Tom Lauck’s

WordPress on the iPhone – As Easy as Exchange


I’m sure I am but one many people testing out WordPress for iPhone right now. I just couldn’t resist.

So far it was been about two minutes since the app finished downoading. So it seems blogging may just be as easy as setting up exchange on the iPhone.


Jul 22 2008

Print File Structure In Mac OS X


The topic arouse while working a large project: “How can I print the directory structure in OS X? It was easy in OS 9.”

It is possible by using the Terminal application. I intend to write an AppleScript in the near future to do this automatically.

Open up Terminal (Its located in the Utilities folder in Applications)Enter


*Make Sure there is a space after ‘cd

Select or open a finder window that has the directory of interest. Drag the file to the Terminal window and hit Enter.

A new line should appear. Type:

ls -RF > ~/Desktop/file_structure.txt

Look at your Desktop. A file named ‘folder_list.txt’ should be visible. You can now edit and do with it what you wish. is the name of the file you want the output of the recursive ls command to write out to. Feel free to use something more descriptive as you wish.

Feb 14 2007

New Parallels Update


If you haven’t gotten a chance, download the new Parallels update.

Among other speedy enhancements is my new favorite feature about my Mac…coherence. I can have Windows shortcuts sitting in my dock. In this mode, the start menu and task bar sit nicely with the dock and you do not even know you are in windows. It takes feels as though the barrier between Mac and PC is totally shattered.

I am anxious to see what Vista will do my virtual machine…

Feb 6 2007

Expanding a Parallels Disk Image…What They Don’t Tell You


On the initial install of Windows XP under Parallels, I was very conservative in the disk space I allocated to it. After Windows repeatedly yelling at me to do something about the lack of disk space I figured I would.

When setting up the Windows Virtual Machine, I had the image set to “Expanding.” A bit deceiving…for there is a procedure that is not “included” in the help file for accomplishing this:

  1. Find your hard disk image file on the host machine (in this case Mac OS).. Run the Parallels ImageTool on it and expand it to the desired amount.
  2. Duplicate the hard disk image you wish to expand on the host machine.
  3. Open Parallels then the preferences for the virtual machine you are using. Change the hard disk image path the duplicate image.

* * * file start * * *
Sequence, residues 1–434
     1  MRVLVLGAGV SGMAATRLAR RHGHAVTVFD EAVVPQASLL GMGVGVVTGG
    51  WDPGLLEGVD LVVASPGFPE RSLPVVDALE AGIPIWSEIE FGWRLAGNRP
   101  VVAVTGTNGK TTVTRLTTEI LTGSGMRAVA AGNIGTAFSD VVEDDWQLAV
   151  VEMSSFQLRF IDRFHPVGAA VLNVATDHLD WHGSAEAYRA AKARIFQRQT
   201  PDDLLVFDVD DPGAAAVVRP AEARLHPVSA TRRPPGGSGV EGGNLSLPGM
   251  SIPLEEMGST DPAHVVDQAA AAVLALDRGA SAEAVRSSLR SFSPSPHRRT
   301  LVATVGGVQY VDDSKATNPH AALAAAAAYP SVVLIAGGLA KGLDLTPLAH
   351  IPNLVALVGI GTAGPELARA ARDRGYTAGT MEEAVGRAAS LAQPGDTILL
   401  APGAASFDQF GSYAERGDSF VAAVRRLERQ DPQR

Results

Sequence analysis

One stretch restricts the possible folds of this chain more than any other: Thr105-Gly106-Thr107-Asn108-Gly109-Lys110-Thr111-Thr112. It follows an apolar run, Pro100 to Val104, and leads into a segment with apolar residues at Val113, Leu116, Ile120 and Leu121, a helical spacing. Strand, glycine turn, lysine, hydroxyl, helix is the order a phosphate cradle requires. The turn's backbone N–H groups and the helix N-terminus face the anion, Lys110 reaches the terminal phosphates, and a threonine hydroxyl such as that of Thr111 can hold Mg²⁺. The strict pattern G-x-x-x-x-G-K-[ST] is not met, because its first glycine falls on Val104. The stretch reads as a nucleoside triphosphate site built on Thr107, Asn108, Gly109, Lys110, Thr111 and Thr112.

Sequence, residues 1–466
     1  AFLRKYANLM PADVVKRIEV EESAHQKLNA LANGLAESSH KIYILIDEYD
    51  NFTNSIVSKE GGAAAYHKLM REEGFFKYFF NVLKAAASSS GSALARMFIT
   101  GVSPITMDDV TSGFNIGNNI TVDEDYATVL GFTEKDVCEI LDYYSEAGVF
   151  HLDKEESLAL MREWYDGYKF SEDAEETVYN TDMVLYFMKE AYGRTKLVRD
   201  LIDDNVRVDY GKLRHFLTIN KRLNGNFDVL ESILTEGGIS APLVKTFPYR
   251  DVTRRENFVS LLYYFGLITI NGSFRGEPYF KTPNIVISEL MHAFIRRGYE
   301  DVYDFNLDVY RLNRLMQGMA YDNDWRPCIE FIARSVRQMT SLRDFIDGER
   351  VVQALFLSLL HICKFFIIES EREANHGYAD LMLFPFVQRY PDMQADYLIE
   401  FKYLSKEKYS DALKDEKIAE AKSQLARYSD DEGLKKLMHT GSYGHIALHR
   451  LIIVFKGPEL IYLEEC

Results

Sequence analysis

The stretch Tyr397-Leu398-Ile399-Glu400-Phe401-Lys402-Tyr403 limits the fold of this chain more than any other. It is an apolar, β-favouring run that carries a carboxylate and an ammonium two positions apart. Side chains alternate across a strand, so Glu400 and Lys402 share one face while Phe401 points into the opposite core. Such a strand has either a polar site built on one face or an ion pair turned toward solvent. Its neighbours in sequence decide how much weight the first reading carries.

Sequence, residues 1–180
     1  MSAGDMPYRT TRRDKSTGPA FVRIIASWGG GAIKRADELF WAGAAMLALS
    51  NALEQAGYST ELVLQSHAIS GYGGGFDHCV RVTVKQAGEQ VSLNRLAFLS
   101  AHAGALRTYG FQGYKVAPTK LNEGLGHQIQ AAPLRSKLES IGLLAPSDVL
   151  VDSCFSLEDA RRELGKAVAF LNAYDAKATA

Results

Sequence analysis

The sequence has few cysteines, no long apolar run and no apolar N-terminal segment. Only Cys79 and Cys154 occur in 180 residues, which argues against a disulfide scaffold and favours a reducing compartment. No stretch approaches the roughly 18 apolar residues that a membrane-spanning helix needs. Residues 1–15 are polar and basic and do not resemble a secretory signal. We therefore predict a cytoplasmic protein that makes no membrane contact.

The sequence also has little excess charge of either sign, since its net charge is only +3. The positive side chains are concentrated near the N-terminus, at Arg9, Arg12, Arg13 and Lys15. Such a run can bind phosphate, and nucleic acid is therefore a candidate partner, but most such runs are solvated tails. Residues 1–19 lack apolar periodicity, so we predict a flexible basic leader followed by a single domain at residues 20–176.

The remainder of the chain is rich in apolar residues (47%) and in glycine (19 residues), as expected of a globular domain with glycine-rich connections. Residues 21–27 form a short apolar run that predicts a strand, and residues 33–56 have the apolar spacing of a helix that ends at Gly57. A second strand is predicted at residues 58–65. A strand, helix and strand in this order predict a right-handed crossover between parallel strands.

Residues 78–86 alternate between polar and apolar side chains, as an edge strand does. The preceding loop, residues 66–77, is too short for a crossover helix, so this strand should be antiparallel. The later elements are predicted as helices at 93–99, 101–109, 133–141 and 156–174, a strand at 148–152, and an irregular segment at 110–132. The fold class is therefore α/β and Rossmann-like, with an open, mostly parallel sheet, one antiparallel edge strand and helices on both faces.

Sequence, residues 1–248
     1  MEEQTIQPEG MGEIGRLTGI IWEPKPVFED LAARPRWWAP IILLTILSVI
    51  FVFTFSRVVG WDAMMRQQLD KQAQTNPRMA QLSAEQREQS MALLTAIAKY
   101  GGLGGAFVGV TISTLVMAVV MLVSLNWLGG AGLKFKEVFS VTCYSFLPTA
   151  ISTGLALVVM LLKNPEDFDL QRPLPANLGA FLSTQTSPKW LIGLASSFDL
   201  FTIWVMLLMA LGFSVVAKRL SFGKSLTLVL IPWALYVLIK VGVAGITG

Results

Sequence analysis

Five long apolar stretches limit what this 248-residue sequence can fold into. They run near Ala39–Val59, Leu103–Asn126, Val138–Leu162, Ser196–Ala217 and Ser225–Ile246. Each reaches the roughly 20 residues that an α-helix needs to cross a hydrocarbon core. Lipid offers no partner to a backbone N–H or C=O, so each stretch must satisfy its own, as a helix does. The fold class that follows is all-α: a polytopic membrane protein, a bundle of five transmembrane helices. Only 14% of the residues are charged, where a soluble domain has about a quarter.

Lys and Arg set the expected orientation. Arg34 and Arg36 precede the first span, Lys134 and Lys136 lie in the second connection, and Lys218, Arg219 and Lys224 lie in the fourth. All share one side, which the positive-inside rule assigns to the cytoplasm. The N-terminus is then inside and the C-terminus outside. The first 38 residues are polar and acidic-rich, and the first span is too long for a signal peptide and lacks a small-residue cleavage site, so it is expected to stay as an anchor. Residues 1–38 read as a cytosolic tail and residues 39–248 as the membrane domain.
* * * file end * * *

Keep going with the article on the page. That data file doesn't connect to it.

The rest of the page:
4. Add a new hard disk via the add button and add a new hard disk. Set the path to the original image…the purpose of this and the above step is to boot from the duplicate disk so that Windows can have full access to the disk (original image) you wish to expand.
  5. Boot up Windows. Then navigate to Start->Run. Enter “DISKPART” and press Run/Enter.
  6. In the new window that appears type: “list volume”
  7. After that process runs, a list of disks appears. Notice that Volume 1 and Volume 2 look identical. *Note: Volume 2 should be the original hard disk image.
  8. Select Volume 2 by typing: “select volume 2″ then extend it by typing “extend” once that is complete type “exit” and shut down Windows.
  9. Clean up the Virtual Machine preferences by deleting the second hard disk and switching the hard disk 1 path back to the original hard disk image.
  10. Restart Windows. Rebooting may be necessary if Windows “detects new hardware.”

This procedure allows Windows to see the extra space that Parallels has allocated. One day maybe Windows will be easier to use……if hell freezes over.

Dec 1 2006

Why Apple will take over the world


There has been some controversy over the new Intel Macs as they first hit consumer hands, as seen here. Rogue elements in Apple have been speaking out about it. But in the end, I really think Apple has taken the criticism to heart.When I first ordered my MacBook Pro, I was a bit apprehensive because of Apple’s recent glitches. I have to say, I am nothing but happy with the performance of it. But alas, to my dismay, about two weeks later Apple releases the new MBP.Now here was my complaint:

  1. If I would have known Apple was doing this, I would have waited the extra couple of weeks.
  2. The options I paid over $300 were now standard.
  3. I was only a couple days beyond my 14 day return period.

After talking to one supervisor, they offered me a $100 credit. This wasn’t acceptable to me. I was out $300. So I talked to another supervisor, stated my situation, he told me he would call me back. After the much anticipated call back, he offered me a $150 credit and an Apple Store Accessory. I still felt like I was getting the shaft.

So in the end, Apple offered to accept my return with a full refund. Now I can go buy the new MBP with all the fixings!

Would you ever get that from Dell? I don’t think so.

Nov 3 2006